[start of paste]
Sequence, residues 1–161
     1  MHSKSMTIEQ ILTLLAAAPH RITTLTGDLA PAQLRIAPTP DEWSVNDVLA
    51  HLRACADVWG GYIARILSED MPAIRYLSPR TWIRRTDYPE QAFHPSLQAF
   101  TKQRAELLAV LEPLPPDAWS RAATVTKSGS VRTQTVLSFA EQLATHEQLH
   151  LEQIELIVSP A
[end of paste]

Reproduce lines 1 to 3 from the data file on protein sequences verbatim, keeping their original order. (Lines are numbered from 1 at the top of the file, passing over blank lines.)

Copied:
Sequence, residues 1–161
     1  MHSKSMTIEQ ILTLLAAAPH RITTLTGDLA PAQLRIAPTP DEWSVNDVLA
    51  HLRACADVWG GYIARILSED MPAIRYLSPR TWIRRTDYPE QAFHPSLQAF